Firms that attain the highest possible results from cost leadership strategy primarily focus on a wide market where their cost leadership can create competitive advantage. This usually involves defining their position in the market as one of having a low-cost products compared to other similar products in the market. Therefore, firm managers have to decide whether to compete on the prices of products or on differentiating their products and services. After decision making, they should progress so as to shun from competitive disaster. It is important to consider the fact that, a firm can adopt both cost leadership as well as the differential strategy but this is only circumstantial.

Work Cited:

Drury, Colin. Management and Cost Accounting. London: Cengage Learning EMEA, 2008.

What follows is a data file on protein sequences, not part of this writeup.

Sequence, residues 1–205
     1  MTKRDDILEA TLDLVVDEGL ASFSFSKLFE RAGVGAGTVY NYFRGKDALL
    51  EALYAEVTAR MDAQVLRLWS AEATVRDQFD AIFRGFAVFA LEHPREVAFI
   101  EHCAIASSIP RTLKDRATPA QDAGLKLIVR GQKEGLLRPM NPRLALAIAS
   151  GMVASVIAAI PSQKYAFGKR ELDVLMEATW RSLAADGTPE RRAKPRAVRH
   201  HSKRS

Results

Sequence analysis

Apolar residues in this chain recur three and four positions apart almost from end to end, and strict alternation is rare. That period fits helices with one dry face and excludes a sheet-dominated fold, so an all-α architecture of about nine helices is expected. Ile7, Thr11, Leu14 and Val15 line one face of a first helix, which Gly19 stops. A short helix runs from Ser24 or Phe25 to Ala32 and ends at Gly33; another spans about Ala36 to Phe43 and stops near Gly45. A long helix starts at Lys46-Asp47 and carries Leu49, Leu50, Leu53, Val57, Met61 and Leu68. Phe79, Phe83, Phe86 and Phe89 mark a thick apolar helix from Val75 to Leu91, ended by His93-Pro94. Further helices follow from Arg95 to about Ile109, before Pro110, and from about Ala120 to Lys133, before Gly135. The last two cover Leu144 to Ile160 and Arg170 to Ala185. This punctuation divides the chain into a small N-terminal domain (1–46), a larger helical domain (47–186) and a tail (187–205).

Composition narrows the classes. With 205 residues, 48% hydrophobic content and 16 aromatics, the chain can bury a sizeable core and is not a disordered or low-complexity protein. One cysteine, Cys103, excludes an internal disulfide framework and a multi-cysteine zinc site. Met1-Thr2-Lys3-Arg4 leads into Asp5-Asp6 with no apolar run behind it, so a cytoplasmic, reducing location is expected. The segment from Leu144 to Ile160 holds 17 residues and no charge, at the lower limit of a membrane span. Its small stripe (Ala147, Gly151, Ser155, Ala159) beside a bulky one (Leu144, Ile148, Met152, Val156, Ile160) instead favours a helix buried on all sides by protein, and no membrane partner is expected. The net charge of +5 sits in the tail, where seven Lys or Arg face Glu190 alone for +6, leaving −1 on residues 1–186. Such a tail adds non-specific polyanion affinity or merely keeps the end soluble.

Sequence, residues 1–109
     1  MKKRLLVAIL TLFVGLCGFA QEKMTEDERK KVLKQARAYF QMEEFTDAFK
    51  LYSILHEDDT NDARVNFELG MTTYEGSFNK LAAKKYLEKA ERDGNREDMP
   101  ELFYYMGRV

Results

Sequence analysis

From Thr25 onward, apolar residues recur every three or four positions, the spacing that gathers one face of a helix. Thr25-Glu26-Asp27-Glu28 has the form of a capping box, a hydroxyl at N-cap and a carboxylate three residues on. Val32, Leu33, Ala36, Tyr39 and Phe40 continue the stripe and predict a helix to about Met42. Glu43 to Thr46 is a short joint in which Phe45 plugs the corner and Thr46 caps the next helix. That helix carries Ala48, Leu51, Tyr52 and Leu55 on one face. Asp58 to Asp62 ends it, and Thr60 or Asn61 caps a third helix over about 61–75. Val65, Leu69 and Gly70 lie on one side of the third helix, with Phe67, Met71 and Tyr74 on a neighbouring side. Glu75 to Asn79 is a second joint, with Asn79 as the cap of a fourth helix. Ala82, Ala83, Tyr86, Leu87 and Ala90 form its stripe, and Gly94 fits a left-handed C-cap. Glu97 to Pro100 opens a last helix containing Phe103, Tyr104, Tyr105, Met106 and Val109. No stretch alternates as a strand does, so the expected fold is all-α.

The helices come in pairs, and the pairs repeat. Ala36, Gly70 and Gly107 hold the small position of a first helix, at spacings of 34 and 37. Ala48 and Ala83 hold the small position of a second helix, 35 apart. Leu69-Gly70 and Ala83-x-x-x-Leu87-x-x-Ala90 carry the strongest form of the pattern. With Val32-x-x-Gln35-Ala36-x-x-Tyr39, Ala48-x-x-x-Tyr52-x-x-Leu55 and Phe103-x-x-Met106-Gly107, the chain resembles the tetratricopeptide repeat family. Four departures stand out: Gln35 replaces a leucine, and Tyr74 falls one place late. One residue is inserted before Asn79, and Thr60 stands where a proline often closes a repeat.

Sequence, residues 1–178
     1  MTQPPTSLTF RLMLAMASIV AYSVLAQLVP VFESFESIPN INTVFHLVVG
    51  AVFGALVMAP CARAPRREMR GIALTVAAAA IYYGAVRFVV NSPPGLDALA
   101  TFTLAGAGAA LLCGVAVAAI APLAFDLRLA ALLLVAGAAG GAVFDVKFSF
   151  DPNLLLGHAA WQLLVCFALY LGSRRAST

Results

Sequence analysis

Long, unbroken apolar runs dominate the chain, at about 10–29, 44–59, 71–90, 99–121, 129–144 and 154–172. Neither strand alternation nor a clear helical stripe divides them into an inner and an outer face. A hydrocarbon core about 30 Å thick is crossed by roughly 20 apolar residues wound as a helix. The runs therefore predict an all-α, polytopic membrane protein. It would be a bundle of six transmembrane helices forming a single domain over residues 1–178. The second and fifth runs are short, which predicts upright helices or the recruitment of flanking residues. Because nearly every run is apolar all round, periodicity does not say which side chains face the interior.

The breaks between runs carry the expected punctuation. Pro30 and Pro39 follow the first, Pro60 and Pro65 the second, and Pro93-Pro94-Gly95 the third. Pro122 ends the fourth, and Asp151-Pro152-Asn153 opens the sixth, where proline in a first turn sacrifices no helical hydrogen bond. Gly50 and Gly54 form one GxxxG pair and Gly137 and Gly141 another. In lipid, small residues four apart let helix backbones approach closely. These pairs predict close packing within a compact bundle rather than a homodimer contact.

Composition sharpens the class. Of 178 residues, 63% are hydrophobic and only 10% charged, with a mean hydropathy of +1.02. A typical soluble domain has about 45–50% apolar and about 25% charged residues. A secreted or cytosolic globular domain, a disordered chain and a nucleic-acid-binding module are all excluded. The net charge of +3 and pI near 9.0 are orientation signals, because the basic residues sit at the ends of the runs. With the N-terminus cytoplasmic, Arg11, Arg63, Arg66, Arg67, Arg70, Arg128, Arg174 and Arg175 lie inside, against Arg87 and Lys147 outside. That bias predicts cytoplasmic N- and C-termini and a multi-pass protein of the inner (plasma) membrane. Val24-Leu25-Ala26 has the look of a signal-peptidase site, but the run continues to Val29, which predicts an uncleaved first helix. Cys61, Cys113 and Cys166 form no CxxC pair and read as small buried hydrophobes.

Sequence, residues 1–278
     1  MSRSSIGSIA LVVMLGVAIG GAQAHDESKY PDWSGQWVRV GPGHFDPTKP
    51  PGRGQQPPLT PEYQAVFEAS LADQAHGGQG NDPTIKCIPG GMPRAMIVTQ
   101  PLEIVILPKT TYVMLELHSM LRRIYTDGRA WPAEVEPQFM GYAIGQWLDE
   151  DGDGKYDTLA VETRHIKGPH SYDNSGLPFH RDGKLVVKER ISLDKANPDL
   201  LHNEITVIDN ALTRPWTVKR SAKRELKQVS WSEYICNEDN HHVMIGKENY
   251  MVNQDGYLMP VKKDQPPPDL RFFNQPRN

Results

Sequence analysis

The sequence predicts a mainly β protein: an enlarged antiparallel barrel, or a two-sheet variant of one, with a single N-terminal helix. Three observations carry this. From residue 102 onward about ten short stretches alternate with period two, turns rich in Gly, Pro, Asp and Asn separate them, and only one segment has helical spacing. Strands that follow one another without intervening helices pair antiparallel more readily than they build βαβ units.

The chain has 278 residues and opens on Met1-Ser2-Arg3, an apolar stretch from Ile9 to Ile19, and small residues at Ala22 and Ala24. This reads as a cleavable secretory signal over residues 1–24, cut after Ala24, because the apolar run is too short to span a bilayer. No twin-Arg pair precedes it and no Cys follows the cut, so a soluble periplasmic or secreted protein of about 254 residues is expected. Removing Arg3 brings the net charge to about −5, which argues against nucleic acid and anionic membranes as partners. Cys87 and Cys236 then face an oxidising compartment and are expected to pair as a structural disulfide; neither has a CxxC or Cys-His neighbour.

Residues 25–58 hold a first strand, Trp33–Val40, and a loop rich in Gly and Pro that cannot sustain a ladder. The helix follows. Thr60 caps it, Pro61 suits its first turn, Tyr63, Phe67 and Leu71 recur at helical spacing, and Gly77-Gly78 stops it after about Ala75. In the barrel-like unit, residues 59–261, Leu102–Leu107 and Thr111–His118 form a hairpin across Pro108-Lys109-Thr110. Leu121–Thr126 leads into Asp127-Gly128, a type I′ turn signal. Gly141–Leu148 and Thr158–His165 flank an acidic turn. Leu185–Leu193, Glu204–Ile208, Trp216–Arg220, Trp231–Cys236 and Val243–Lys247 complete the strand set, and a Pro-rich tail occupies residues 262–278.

Eldring, Jan. Porter ?s (1980) Generic Strategies, Performance and Risk: An Empirical Investigation with German Data. Gutenbergring: BoD – Books on Demand, 2009.

English, James R. Applied equity analysis: stock valuation techniques for Wall Street professionals. New York: McGraw-Hill Professional, 2001.

Grant, Robert M. Contemporary strategy analysis. New york: Wiley-Blackwell, 2005.

Hitt, Michael A, R Duane Ireland and Robert E Hoskisson. Strategic management: competitiveness and globalization : concepts & cases. London: Cengage Learning, 2008.

Jalan, P K. Industrial sector reforms in globalization era. New Delhi: Sarup & Sons, 2004.

Kozami, Azhar. Business policy and strategic management. New Delhi: Tata McGraw-Hill, 2002.

OpenLearningWorld.com. “Cost-Leadership Strategy.” 2010. 3 June 2010 < http://www.openlearningworld.com/olw/courses/books/Business%20Strategies/Business%20Strategy/Cost-Leadership%20Strategy.html >.

Wit, Bob De and Ron Meyer. Strategy: Process, Content, Context. London: Cengage Learning EMEA, 2010.